A Puebloan View of a Lesser-Known War
New Mexico Mercury online magazine
Published Sept. 5, 2013
A Chinese restaurant’s fortune cookie proclaimed that “You have a charming way with words and should write a book.” Inspired, I taped that little slip of paper to the front of my desktop computer where I was writing.
The result is a historical novel, Winter of the Metal People, which took ten years to research, write, and rewrite.
Winter of the Metal People is about the Coronado expedition and the Tiguex War he fought in 1540-41 against Pueblo tribes — but it’s told for the first time from the Indian point of view.
The book’s first hurdle is that it happened so long ago. There’s a plaque embedded in a Santa Fe plaza sidewalk claiming the Pueblo Revolt was America’s first war between Europeans and Indians. 1680 was a long time ago, but the Tiguex War occurred near Albuquerque 140 years earlier. Another example of a history marker caught in a lie.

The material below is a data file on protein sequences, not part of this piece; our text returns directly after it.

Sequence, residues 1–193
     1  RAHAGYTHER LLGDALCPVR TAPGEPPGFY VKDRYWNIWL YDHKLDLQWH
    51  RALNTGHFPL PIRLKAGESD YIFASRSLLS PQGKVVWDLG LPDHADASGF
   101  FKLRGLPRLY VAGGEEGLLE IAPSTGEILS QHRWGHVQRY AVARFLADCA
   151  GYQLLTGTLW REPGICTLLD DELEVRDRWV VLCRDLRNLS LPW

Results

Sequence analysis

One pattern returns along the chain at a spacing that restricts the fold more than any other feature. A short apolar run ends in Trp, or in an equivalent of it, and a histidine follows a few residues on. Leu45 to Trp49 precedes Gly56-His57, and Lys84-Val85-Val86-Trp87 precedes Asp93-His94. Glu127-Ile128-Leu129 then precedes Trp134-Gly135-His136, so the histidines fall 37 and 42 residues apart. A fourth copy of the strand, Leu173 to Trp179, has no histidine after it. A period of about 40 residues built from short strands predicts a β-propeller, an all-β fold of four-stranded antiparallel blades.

When I moved to Rio Rancho, I learned that America’s first Indian war was fought around my house. However, what was known about Coronado was more myth than fact. I’d never heard of the Tiguex War, named after its primary target, the Tiwas (formerly Tiguas). Neither had hardly anyone else.
After nearly five centuries, I decided it was time to tell the Puebloan side of the story.
The only way to do that was through a historical novel, using known facts, but omitting Eurocentric bias. I wanted to bring Pueblo characters to life through plausible fiction, filling the many gaps in the historical record.
As author Toni Morrison said, “If there’s a book you really want to read, but it hasn’t been written yet, then you must write it.”
Like nearly everyone else who wants to know more about the Coronado expedition and its Tiguex War (pronounced TEEwesh), I started with Herbert E. Bolton’s Coronado: Knight of Pueblos and Plains, first published in 1949.
That was a mistake. Bolton’s unwavering Eurocentric favoritism made him an apologist for conquistadors’ excesses. He even did his best to rationalize why expeditionaries burned alive at the stake at least thirty Tiwa captives. Bolton repeatedly held the Spaniards up as gallant, chivalrous, and blameless. He depicted Indians as villainous and inferior.